Sometimes, the best utilities aren’t something you necessarily can’t live without, but a little tool that makes your overall computing experience better. Head for Facebook is a tiny little circle that lives on a corner of your screen and, when clicked, reveals the Facebook.com website in a Web view (mobile or desktop), blurring out the rest of your desktop. Another click, and the website disappears.
Given that Facebook has no desktop client, Head is a nice way to separate your social media interactions from your day-to-day Safari or Chrome use. I like it because, like my Twitter client, it’s an app I can check on regularly scheduled breaks, rather than having a tab on your browser distracting you from otherwise productive tasks. (And I don’t even use Facebook all that often—imagine how useful it could be if that’s your primary social networking service!)
As robust as the screen capture features in OS X are, there’s always room for improvement. Team Apollo’s Powershot 1.5 fills this role nicely, offering a lightweight, efficient utility that allows you to configure keystrokes for taking screenshots, target the areas of the screen that will be used in the screenshot, lets you specify what will be done with the image file, and allows quick line drawings, shapes and annotations to be added to the finished product.
Diagnosing a computer problem can be a daunting task even when you’re standing right in front of a Mac. When you’re doing it remotely—perhaps to help someone of less-than-stellar technical skill—gathering all the information required to figure out what’s not working can be a downright miserable experience for everyone involved.
EtreCheck attempts to alleviate this problem by automatically collecting a full set of statistics about the Mac on which it runs, from its hardware components, to installed apps and kernel extensions—going as far as quickly sampling your system to determine which programs are taking up the most RAM and CPU time.
Like Apple’s own app, Network Radar offers many common network tools, including ping, port scan, and whois. But it doesn’t stop there: The app can quickly scan your entire network and display a list of devices on it, along with their IP addresses, what services they offer, and more. If you need quick access via services like Telnet, SSH, or HTTP, you can access those for any device by right-clicking on its entry.
Contexts 1.4 supplements—and can even replace—OS X’s window management tools, and it does so in a way that is legitimately useful, especially if you rely on keyboard shortcuts to navigate your Mac.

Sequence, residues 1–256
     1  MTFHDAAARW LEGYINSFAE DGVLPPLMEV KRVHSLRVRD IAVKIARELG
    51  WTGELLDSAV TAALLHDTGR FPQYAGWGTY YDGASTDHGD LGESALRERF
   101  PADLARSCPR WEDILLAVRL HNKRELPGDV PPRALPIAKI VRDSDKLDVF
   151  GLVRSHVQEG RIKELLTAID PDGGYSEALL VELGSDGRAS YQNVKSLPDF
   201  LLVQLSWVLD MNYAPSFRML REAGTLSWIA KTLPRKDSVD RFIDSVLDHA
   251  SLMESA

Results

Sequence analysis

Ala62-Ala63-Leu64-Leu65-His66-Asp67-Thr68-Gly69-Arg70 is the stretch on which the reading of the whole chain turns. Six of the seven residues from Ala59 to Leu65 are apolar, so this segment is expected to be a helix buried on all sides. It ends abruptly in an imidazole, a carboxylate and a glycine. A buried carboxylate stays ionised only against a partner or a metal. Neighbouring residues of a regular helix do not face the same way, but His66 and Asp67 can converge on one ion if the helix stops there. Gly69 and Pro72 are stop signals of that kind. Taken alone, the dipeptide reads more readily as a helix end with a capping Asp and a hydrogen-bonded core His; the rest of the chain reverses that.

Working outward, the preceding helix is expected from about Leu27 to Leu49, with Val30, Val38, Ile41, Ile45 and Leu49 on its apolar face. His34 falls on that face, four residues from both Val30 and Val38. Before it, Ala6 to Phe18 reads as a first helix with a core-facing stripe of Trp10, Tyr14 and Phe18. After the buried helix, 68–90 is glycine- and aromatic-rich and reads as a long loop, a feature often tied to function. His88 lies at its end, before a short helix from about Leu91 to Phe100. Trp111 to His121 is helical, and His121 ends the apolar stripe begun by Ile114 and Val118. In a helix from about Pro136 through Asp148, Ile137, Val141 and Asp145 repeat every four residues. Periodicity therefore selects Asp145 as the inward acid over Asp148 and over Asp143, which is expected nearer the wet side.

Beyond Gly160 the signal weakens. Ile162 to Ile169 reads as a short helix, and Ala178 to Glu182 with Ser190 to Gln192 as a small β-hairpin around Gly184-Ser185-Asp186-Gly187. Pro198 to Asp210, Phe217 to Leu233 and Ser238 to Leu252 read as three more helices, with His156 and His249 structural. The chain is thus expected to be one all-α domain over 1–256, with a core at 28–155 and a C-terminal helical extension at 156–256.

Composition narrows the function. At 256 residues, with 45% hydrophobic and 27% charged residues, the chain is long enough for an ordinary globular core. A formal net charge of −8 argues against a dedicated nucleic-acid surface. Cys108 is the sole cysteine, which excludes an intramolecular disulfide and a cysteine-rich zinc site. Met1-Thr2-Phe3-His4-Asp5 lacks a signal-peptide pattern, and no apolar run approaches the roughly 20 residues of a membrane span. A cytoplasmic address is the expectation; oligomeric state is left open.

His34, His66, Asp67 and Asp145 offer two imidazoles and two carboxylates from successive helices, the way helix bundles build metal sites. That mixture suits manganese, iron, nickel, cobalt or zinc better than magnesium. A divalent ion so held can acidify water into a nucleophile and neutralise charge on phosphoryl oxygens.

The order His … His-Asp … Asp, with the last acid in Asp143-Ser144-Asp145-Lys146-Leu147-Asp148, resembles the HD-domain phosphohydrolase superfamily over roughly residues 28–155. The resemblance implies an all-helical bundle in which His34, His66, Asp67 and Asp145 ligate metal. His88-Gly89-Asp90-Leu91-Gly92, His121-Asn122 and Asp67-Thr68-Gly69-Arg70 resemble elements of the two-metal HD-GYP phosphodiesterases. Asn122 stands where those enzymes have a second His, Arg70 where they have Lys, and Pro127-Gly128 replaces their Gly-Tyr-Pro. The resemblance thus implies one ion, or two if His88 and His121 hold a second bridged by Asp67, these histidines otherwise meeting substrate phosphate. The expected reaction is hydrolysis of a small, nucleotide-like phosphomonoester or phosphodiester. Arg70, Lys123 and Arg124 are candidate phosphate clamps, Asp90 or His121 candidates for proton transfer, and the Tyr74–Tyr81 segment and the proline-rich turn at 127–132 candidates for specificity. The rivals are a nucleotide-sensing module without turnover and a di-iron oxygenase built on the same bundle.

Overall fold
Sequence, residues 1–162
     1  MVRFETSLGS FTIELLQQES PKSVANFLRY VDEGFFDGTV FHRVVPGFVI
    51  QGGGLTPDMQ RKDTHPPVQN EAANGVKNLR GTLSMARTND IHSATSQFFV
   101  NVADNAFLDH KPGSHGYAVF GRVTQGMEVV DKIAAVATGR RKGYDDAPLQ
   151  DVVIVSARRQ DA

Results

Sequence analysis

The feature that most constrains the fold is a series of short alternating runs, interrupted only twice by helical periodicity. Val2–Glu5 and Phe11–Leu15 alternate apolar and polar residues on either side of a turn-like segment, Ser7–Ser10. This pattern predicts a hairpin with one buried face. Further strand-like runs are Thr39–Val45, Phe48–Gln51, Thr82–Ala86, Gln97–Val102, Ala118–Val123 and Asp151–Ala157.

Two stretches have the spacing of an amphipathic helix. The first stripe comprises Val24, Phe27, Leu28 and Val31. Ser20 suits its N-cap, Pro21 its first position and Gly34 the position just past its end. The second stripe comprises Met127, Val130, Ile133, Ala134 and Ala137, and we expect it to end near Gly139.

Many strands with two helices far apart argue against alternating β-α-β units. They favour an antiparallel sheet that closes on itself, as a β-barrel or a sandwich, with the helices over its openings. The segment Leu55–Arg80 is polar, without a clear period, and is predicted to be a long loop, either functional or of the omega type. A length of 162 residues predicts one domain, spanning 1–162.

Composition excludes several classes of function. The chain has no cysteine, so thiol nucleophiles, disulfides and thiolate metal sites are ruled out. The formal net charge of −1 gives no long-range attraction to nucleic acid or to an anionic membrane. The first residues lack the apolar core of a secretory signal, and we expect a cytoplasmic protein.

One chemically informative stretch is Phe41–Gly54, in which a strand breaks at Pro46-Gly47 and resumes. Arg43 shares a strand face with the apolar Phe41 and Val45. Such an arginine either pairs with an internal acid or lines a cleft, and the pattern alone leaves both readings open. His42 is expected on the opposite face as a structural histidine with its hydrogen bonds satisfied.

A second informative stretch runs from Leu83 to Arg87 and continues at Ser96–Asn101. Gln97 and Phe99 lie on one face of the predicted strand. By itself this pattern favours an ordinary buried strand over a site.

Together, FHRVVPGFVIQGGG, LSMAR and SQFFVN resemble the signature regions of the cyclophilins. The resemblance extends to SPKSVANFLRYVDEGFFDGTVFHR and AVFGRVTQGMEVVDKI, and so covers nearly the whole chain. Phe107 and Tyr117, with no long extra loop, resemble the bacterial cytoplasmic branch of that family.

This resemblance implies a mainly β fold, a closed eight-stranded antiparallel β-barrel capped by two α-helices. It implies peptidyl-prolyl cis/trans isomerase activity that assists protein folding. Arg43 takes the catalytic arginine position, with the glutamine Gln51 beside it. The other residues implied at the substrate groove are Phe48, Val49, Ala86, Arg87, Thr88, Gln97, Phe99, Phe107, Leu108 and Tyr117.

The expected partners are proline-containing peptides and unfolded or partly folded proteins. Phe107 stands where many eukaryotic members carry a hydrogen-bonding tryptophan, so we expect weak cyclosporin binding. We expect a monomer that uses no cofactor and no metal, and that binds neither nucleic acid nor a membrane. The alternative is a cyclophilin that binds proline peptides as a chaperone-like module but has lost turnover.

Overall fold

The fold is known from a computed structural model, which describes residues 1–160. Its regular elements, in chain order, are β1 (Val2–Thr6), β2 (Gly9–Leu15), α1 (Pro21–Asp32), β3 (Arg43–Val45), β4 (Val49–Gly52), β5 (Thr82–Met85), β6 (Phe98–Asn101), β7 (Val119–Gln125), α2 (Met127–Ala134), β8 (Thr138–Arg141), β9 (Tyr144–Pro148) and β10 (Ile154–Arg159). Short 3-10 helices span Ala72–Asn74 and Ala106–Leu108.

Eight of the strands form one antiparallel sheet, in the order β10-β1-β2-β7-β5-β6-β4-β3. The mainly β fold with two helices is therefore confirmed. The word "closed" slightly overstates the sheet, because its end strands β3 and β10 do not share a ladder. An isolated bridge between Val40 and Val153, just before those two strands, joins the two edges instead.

On first glance, Contexts has a nearly nonexistent interface: The only sign that it’s running is a narrow window-picker sidebar that runs along the edge of your screen. But its real power lies in its keyboard shortcuts.
As the saying goes, a picture is worth a thousand words—and that’s why creative professionals of all stripes like to communicate their ideas in the form of an image. As it turns out, however, a thousand words can be a few too many when you’re trying to draw attention to a small detail.
Light Up 1.0.3 solves this problem by allowing you to load up an image from a file and blocking it out with a mask whose darkness you can customize to your heart’s content. You can then selectively “carve” sections out of the mask, allowing specific portions of the underlying image to be highlighted. The carving tool supports three different shapes: rectangles, rounded rects, and ovals; you can have as many as you like in your image, and are free to resize and move them around.
Google has been cleaning house of services and features over the last year or so, with Google Reader and iGoogle among the most notable casualties. While not so widely mourned, the recent scrapping of Google Notifier was also disappointing, as the app had been a rather helpful way to stay on top of incoming Gmail messages on Mac.
Notifier Pro for Gmail (Mac App Store link) effectively picks up where Google left off, as the third-party option puts a tally of unread emails on the menu bar, letting you click to drop down a preview of the last ten inbox messages with sender name and subject listed. Clicking a note immediately pulls it up in your default browser without hassle, plus you can quickly hit the Go to Inbox link and be there within seconds.